The Politics of Resurrection

I first understood what a polarising lens was all about when I bought one for my old camera.  It allowed me to see very clearly into water and stop the glare and reflection.  A polarising lens (common in sun glasses) only allows light waves of one direction to enter the lens.  Polarising lenses are now being used for 3D movies by allowing light in one direction into one eye and light from a different direction into the other eye, such that each eye sees a slightly different image taken from a slightly different angle that imitates how the eyes see.  Too technical – where am I going?  Hang in there!

I want to suggest that Easter, more particularly resurrection, is a lens through which we need to read the Biblical stories, our own lives and the life of the world.  It is a lens that is enlivening and hope-filled rather than pessimistic and hopeless, as much of our perspective tends to be.  We watch the news, listen to leaders (political, economic and even religious) and feel overwhelmed by the crises and predictability of life in our world.

We stand between Good Friday’s darkness and Easter Day’s light and hope.  We are caught in the place of grief and confusion, anger and frustration until it wears us out and we give in.  How many people actually believe anything can or will change?  How many have simply given up on politics, religion or anything else?  How many have let go and followed the seductive addictions that enable escape and release from the interminable living that slides into meaningless oblivion?

Of course there are those who are too busy to allow the state of the world or meaningless existence to touch their being.  They rush on through work that is relentless, promising so much if only they can reach the hallowed goal, the pot of gold at the end of the rainbow – it is there, if only…  The day surely comes when they look back and wonder how life has passed them by.  Then they sink into the wretchedness of despair, rolling in money, they have no time.  If this sounds desperate and frightfully negative and hopeless, hang in there.  I am only reciting what I see and hear from so many people.

In the midst of this ordinary life where change or transformation seems a hollow promise where politicians, economists or even preachers offer a bored and struggling populace little of substance, we hear a story that is impossible, naïve and insane.  It comes every year and most people shut it out with a shake of the head.  It is the story, or set of stories, that surround the experience of the early church, the resurrection of Jesus of Nazareth.  The profound and mysterious elements of the story confound common sense or scientific probing.  We know these things don’t happen and the stories are puzzling, strange and don’t always make sense.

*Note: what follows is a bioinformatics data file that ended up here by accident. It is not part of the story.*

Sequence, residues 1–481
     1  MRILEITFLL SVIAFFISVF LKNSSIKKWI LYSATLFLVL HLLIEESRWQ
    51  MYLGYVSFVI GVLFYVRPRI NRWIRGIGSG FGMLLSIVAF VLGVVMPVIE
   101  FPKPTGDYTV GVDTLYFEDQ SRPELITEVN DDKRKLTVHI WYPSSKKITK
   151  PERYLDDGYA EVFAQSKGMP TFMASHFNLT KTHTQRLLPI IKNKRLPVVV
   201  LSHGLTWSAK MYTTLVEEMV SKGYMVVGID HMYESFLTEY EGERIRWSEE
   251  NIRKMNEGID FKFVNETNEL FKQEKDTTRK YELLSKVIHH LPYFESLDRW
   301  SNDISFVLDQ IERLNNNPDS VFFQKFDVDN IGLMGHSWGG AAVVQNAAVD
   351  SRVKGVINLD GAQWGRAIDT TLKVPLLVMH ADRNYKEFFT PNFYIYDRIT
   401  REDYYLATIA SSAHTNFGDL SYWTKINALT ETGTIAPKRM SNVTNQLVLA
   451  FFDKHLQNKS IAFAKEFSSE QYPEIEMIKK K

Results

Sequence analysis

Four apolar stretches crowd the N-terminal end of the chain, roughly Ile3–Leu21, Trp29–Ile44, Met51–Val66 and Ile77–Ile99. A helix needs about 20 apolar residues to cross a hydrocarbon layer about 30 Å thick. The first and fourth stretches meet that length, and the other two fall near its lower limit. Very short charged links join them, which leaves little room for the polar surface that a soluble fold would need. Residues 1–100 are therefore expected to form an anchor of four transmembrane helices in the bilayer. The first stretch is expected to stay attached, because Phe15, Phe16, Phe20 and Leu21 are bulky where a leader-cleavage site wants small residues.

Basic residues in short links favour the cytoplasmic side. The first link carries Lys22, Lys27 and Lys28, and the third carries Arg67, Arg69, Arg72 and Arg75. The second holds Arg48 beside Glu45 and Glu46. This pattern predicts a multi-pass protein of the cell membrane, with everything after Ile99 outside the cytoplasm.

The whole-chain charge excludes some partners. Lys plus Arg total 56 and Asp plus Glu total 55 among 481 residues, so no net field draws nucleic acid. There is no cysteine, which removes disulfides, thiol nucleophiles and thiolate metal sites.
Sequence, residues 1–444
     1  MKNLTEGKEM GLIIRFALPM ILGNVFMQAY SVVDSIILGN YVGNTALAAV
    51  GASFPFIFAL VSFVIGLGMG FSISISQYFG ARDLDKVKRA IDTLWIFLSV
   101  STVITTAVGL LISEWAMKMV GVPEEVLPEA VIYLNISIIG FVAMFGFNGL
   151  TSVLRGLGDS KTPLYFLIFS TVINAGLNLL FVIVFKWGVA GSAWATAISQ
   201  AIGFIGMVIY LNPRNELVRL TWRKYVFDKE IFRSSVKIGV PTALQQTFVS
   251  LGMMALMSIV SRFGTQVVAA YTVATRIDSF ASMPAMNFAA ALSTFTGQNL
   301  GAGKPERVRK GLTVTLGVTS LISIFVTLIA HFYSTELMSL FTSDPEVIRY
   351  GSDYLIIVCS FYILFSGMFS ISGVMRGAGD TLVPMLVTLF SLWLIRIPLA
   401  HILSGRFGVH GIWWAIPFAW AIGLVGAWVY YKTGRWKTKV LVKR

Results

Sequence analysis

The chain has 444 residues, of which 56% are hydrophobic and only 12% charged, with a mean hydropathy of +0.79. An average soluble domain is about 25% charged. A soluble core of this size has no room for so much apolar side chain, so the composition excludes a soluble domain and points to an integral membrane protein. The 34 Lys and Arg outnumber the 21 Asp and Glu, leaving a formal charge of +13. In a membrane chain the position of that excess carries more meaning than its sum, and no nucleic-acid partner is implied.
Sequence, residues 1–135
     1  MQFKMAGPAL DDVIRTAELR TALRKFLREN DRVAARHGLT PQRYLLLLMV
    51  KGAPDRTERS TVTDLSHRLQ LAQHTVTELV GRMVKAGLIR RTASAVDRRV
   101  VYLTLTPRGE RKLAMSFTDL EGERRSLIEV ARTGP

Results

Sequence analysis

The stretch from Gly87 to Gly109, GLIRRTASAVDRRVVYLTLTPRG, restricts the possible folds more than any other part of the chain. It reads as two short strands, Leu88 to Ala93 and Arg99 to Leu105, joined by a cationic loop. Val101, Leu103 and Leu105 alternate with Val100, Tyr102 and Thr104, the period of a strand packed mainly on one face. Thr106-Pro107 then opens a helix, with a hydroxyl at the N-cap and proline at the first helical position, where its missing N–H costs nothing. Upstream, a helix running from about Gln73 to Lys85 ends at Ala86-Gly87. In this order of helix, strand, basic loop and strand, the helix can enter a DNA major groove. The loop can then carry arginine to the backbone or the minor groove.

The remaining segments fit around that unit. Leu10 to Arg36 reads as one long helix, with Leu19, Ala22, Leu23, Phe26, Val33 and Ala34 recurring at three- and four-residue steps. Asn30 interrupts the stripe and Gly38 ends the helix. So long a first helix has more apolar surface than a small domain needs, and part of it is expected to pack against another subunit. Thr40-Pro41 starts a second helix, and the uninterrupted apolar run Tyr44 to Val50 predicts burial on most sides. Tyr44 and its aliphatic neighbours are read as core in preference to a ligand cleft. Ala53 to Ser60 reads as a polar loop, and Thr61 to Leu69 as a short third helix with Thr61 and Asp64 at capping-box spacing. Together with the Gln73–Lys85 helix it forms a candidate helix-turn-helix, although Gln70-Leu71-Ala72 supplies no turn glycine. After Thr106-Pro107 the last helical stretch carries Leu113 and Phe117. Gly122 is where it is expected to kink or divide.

I want to suggest that this resurrection is a lens through which may perceive life from a new and different perspective that changes everything.  In fact this is exactly what Jesus does in the story we read this week, Luke 24: 36-48 (the full story begins at verse13).  Jesus invites the disciples to hear the story of the God’s people from a different perspective that changes its meaning and imbues it with life.  He says elsewhere that God is the God of the living, not the dead but we think in terms of death not life.  It is said that Erich Fromm, a well-known psychologist and one who loved life, on his death said to his friend, “Bob, why do people prefer necrophilia to biophilia?” Why do people, the human race, prefer the love of death to the love of life? Bombs to celebrations? War and conflict to community and peace?   It is a great question as so much of our world is geared towards pessimism, violence, hatred and deathliness.  Even life in the developed world is tedious boredom for many as their lives slip by watching others live life on TV.